Want more social media tips? Check out How to Create a Freakin’ Fabulous Social Media Strategy.
When people talk about using Facebook for promotional and engagement, they usually focus on building a page.
But pages aren’t the only way to galvanize your community. Here’s another incredibly effective yet under-utilized way to grow a following and share your message: creating a Facebook group. (Like this idea? Click to tweet it.)
Why are groups so great? Because they tend to have higher engagement “” and we all know that when it comes to social media, quality is more important than quantity. Groups also tend to work better for smaller communities (say, less than a thousand), while pages work well for huge followings.
One smart way to succeed with a Facebook group is by creating it around a topic, rather than directly around your product or brand. Because people are more likely to want to talk about a topic they’re interested in than your brand. That means the conversation revolves around them, rather than you. And conversation is what makes social media go ï¿½round.
Plus, creating a group is a form of offering free information, which helps your readers get to know and trust you. It shows you’re an authority in your field, and it makes you and your expertise more visible.
Case study #1 “” The first group I created was for Travel Memoir Writers. Admittedly, I didn’t do this with any intention of promoting myself; I created it with the hope of building a community of writers working on travel memoirs, so we could exchange information, advice and support.
But the group ends up being an indirect way of promoting my brand. Since I created the group “” and have to approve people who want to join “” participants usually learn a bit about my site in the process of joining, which leads to more clicks on my blog and more readers.
Plus, when my travel memoir about backpacking through Africa hits shelves, I’ll have a large group (more than 200 members now!) of people who care about travel writing who hopefully will consider purchasing the book and spreading the word about it. In other words, cultivating this group now is an investment in my own brand, my network and my future.
Case study #2 “” I also created a group for people who have purchased my social media consulting guide. This is a place for new and soon-to-be consultants to ask questions, share successes and talk about whatever challenges they face, so their peers can offer insight and advice. The conversation ranges from the tactical to more big-picture topics, like how to land clients.
The group is relatively small “” about 90 members so far (not everyone who buys the guide joins the group) “” but it’s also targeted; every member of the group has a personal stake in social media consulting. I make an effort to stop by and answer any questions, but as the group grows, my role becomes less important, which is nice because it means less effort on my part. And while I created this group as a resource, it also ends up being an avenue for me to let buyers know about new products, especially when I launch guides and courses in the social media space.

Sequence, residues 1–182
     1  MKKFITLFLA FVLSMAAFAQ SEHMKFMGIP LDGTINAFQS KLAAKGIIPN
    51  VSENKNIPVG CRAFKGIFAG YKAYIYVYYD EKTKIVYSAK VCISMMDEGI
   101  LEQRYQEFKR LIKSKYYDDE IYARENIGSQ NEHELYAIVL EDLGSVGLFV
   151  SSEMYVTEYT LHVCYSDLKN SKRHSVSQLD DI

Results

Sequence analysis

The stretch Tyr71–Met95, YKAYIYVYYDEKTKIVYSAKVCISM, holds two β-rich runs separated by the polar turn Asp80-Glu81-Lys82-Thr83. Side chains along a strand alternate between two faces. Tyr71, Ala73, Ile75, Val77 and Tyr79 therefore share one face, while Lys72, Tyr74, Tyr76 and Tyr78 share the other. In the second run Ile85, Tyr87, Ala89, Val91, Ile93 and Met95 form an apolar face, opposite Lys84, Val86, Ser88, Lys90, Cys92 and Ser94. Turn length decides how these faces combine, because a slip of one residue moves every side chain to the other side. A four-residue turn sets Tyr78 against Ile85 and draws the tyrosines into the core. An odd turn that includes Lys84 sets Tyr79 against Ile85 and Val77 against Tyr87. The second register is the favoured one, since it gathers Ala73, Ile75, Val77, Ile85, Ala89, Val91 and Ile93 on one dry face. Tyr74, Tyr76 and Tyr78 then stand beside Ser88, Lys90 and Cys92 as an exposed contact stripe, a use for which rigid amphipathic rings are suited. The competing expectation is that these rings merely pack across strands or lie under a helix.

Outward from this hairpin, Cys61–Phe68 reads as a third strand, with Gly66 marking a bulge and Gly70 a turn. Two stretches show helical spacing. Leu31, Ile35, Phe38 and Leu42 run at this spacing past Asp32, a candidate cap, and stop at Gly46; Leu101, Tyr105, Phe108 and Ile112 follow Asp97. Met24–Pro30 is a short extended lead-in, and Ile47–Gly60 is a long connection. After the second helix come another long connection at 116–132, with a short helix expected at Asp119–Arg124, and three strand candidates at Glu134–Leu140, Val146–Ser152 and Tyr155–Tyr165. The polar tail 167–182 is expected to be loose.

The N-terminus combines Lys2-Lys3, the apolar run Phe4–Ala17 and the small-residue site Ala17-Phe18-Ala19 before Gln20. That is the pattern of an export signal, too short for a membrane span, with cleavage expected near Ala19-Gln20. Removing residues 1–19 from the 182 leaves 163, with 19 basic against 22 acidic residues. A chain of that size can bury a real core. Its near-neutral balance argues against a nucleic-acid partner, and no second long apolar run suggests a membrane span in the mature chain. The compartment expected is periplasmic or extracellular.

If you’re looking to make some money by selling ebooks or other digital products, take note of this one: creating a group is a great way to offer added value to your product.
Example #3 “” Check out Pat Flynn’s group on publishing his first Kindle book. This is a brilliant (and fun!) idea for authors. When the time comes to publish my travel memoir, whether via a traditional publisher or self-publishing, I’ll probably create a group just like this of supporters who want to be in-the-know about the details of the process, so you can learn lessons to put toward your own publishing journey.
Example #4 “” To offer one more example that might interest you, I’m pretty impressed by Carrie Smith’s Careful Cents Freelancers Club. When I told her that was a great idea for a group, she said she got the idea from my Make Your Own Luck course, which made me happy.
Example #5 “” Most of the examples above are fairly large groups, but I also use a Facebook group to communicate with my Socialexis team, a handful of go-getters who help me with client work, research, product creation and more. I love being able to share successes and opportunities with my small team without having to send an email.
If you end up creating your own group, here’s a quick yet super useful tip.
Know how you can create a vanity URL for Facebook pages? That’s a URL that includes the name of your page rather than random numbers and letters. You can do the same for groups, which makes it easier both to remember the URL and identify which group it belongs to.
Creating a vanity URL for a group is NOT intuitive though, which is probably why a lot of people don’t bother. Here’s how to do it: Go to the Settings icon, then Edit Group Settings, and Create a Group Address. When you do, a vanity URL will automatically be created, too.
Oh, and if you’re not up for creating a group but want to use groups to your advantage, you can also join groups that are already out there. You’ll find some via Facebook’s search, but asking your friends on Twitter and Facebook about their favorite groups on certain topics might warrant better results.
Beware, when you first join, Facebook will assume you want a zillion emails and notifications about what’s going on in that group. If you want to monitor it closely, that might be appealing. But if it becomes a total pain in the rear, you can tweak your notification settings on the top right side of the group page.
Got a favorite Facebook group? Share the link in the comments!
For more social media tips: How to Create a Freakin’ Fabulous Social Media Strategy.